The test wasn't without problems.
In Spain, the phone kept losing its data connection with roaming-partner Movistar, and wouldn't reliably reconnect, so I had dial tone but no data. I rebooted the phone many times and never managed to figure out the problem, then, after a couple of days, the phone started connecting to Orange, an alternate network. I'd tried to connect to Orange earlier in the week and that didn't work, but suddenly it was working and my problems disappeared.
When I contacted T-Mobile to describe my problem, the company's engineers who examined what had been going on ended up adjusting the way roaming phones connect to networks in Spain, hopefully ending the problem for others.
My connection to Orange, and a subsequent connection to T-Mobile in the U.K., brought some concerns. Rather than the welcome text message telling me my usage was covered, I got one that said "Welcome to United Kingdom. CAUTION: For specific rates and info call us..."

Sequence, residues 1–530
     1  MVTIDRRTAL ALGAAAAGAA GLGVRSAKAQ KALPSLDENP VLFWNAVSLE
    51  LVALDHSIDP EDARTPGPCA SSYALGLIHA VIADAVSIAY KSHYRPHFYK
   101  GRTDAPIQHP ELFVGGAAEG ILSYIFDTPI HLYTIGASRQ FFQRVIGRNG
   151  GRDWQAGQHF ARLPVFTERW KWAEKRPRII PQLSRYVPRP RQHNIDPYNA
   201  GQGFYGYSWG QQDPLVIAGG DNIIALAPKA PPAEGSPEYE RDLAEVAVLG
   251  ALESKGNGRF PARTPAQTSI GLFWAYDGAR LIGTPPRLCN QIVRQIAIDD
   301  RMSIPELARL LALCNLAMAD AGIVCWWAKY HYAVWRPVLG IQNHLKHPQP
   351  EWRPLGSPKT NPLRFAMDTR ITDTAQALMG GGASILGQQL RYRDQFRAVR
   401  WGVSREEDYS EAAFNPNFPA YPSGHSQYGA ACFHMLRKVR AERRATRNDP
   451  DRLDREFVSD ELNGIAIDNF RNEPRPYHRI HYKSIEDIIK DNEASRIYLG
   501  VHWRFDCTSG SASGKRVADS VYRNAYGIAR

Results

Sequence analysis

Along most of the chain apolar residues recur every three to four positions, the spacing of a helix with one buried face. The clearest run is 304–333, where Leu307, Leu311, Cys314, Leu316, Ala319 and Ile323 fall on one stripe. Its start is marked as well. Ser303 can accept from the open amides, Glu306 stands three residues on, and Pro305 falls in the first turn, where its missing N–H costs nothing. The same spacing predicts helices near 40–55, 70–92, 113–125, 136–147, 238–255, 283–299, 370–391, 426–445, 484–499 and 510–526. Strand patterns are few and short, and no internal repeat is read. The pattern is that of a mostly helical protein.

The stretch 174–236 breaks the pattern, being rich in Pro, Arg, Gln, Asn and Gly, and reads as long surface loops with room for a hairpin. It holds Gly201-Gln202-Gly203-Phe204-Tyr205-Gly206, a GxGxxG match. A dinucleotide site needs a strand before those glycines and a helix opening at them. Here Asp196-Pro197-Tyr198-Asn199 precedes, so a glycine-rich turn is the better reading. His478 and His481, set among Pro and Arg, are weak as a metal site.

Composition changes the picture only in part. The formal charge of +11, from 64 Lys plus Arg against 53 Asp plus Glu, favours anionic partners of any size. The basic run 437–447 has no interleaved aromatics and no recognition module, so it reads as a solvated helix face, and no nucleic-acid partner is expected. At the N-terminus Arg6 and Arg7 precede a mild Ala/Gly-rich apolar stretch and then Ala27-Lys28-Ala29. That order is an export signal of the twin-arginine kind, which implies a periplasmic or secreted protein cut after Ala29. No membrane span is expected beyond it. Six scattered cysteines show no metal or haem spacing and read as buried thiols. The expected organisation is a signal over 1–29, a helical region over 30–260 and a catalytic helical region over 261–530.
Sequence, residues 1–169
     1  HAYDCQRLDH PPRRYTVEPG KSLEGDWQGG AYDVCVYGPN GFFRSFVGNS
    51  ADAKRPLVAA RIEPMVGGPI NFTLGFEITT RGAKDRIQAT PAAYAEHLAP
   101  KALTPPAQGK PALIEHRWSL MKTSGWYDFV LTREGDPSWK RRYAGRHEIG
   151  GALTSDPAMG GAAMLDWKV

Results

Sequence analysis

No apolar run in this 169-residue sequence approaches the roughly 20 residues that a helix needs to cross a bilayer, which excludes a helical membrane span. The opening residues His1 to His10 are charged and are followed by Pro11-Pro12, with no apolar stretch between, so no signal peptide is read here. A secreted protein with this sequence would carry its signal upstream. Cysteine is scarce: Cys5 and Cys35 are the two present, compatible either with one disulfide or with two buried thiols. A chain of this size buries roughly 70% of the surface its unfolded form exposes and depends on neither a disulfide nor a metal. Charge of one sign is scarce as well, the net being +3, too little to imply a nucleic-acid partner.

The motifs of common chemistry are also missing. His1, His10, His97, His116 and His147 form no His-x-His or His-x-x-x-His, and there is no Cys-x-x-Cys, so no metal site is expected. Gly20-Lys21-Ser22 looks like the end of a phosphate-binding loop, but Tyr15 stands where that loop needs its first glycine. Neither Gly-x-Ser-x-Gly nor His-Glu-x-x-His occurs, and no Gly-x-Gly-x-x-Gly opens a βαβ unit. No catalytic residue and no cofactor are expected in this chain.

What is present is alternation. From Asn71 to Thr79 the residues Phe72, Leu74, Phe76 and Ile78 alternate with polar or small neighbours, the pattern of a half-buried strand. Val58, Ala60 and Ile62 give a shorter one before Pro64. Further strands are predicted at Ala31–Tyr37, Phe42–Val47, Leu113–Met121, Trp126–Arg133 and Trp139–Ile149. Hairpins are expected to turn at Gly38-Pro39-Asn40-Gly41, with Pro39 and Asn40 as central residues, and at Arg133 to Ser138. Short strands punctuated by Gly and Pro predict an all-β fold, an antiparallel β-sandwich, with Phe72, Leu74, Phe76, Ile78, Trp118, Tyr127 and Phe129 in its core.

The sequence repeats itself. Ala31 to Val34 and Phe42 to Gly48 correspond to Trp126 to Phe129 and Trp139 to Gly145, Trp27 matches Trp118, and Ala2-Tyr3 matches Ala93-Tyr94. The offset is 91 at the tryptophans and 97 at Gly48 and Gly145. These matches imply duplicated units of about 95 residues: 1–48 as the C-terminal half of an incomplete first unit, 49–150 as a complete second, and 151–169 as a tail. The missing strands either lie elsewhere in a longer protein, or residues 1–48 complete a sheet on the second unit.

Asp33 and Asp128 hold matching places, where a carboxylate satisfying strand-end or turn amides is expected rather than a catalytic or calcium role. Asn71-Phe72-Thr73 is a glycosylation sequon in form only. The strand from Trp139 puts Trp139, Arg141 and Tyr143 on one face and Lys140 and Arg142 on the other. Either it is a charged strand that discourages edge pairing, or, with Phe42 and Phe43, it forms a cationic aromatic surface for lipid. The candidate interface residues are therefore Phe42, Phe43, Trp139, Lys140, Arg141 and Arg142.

Was I back to paying a lot of money for my data? Should I disable roaming?
I tried to check on the T-Mobile app in the phone, but it wouldn't connect. It kept telling me there was no data connection, despite being online.
T-Mobile later told me the message I got was their error, served up by mistake, and that too should now be fixed. The app wasn't connecting because the company had programmed it not to work overseas, ironically to stop customers running up high charges.
These problems aside, the roaming service was useful, especially for vacationers. Those overseas on business might want the faster service, especially if they aren't paying the bill themselves, but even then the basic service might suffice.
I ended my trip satisfied with the service, and you can't beat the price.
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